To my surprise, I not only collated the PA (in MSS possessing such) or its border regions (in MSS not including the PA) in all available papyri, uncials, and minuscules by the end of April 1998, but still had time remaining. I then continued the project with the largely unexplored region of the Lectionaries, finishing the sabbatical term with over 100 lectionaries also completed (these data became the basis for my Filología Neotestmentaria article on the PA). Since I had begun the collation work in the lectionaries (and found it fascinating, James Leonard to the contrary), I determined to continue the research, and so again with no further grant funding (why bother to apply again?), I returned to Münster several times for 3-month stints (Summer 1999, Summer 2000, Spring 2005) in order to complete collation of the lectionary PA portions. Beyond that point I have spent several short 2-week sessions in Münster adding data from various new films obtained that include the PA region. Beyond all this, I have further supplemented the data through various online sites, including Dan Wallace’s digital photographs (and I eagerly await more from his current expedition!), also photographs Jeff Cate kindly obtained for me of MSS in California. I hope for even more material from Athonite monasteries (assuming Paul Anderson ever can get permission from them to allow serious researchers actually to work with the photographs).

Having said all that by way of background, the “scope” of the research is basically covered. The “aim” of the project, however, is to provide a comprehensive database citing all variation found in the MSS containing the PA or its surrounding region, including misspellings, itacisms and scribal blunders. Not cited in the electronic database, but included on the original collation sheets are matters regarding line division, nomina sacra, and movable Nu. The nomina sacra words appearing in full form, however, are cited in the database. The comprehensive data should not only allow for examination of the various lines of transmission (involving even more than von Soden’s seven), but also to permit skilled researchers or computer programs to postulate the likely lines of descent of the MSS that comprise each line of transmission.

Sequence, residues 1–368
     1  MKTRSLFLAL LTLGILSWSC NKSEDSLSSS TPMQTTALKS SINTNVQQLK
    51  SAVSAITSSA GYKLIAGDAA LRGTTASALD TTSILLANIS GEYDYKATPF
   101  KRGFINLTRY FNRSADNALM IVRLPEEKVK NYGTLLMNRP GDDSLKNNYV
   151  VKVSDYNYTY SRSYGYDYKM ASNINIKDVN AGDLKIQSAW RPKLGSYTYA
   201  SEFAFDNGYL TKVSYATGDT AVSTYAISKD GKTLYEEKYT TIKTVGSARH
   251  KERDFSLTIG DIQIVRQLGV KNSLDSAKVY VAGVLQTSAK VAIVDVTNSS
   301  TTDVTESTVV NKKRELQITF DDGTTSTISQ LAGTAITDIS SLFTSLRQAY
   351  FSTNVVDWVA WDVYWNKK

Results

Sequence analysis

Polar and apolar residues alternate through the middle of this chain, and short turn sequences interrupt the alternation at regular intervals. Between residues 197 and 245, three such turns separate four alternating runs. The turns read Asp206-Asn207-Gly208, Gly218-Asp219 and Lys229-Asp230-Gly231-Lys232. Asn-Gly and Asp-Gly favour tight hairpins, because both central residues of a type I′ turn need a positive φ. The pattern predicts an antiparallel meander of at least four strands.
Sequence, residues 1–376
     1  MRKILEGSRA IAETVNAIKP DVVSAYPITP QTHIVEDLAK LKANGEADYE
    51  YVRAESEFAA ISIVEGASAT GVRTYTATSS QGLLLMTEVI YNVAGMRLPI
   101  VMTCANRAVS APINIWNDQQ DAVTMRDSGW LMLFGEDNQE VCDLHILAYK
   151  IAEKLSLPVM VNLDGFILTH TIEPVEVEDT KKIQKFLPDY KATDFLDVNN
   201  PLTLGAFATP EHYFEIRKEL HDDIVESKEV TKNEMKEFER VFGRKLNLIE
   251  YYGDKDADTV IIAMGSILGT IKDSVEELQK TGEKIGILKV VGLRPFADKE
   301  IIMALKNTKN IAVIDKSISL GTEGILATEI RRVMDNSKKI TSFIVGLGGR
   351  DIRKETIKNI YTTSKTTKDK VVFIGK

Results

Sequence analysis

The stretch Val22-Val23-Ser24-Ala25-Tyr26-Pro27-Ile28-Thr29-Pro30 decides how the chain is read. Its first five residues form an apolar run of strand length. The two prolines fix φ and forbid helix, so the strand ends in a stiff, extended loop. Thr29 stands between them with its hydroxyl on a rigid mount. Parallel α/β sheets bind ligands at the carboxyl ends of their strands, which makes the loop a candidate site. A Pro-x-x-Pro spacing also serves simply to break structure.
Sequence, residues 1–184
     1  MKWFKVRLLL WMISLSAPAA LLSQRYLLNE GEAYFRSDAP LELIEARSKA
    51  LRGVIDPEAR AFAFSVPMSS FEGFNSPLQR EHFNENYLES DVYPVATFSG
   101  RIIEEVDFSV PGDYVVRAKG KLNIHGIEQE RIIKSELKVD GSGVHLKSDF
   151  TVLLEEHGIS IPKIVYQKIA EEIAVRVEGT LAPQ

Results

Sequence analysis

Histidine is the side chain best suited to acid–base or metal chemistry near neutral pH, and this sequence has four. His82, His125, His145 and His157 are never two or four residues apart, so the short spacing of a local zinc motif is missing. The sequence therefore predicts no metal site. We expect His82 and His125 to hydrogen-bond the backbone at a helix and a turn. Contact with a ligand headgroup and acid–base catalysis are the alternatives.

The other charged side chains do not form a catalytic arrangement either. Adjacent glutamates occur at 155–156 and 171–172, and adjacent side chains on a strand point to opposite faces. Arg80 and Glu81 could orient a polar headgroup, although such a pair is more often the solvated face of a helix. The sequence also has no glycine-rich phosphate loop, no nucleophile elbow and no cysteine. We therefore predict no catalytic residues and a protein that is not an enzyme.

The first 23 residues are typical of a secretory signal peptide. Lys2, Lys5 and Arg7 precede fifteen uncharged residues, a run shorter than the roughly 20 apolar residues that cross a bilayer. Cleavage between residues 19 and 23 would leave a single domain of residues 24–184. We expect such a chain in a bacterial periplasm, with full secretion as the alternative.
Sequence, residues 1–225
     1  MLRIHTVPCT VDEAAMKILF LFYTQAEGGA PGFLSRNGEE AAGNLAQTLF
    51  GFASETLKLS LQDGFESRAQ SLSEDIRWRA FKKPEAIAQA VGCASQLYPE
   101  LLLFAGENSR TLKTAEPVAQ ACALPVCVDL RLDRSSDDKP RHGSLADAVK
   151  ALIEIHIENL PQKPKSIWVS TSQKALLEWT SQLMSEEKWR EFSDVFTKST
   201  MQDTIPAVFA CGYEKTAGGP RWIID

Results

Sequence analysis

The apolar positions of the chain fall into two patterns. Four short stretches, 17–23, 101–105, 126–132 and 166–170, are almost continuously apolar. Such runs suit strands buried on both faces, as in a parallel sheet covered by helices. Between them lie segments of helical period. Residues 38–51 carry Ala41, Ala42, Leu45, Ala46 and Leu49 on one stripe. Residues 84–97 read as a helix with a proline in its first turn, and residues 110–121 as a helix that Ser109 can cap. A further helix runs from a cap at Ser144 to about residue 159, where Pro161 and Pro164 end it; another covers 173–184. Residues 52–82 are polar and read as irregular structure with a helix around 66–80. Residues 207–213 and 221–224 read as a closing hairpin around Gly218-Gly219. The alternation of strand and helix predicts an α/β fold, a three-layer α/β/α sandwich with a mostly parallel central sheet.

The form of presentation in the PA database is not as complex as that of ECM, nor does it appear in the same format as Text und Textwert; rather, as Barbara Aland had suggested to me, it is a straightforward collation against the Oxford 1873 TR (noting lacunae where necessary). Thus, at any given instance all MSS that are neither lacunose nor specifically cited necessarily concur with the base collation text. At this moment, the database collation data involves 1494 continuous-text MSS containing the PA or some portion thereof, 268 continuous-text MSS that do not contain the PA but have all or part of the border regions, 495 lectionary MSS that contain the PA, and (with electronic data entry still in progress) over 650 lectionary MSS that do not contain the PA, but do have the border regions (being for them the end of the Pentecost lection). Almost certainly these numbers will increase as new documents come to light from the various photographic research projects currently underway.

[PG] The current editors of the Nestle text have argued that our NT witnesses cannot be meaningfully grouped into the traditional text-types (Western, Alexandrian, etc). Assuming you disagree with this assessment, how do you distinguish one text-type as over against another?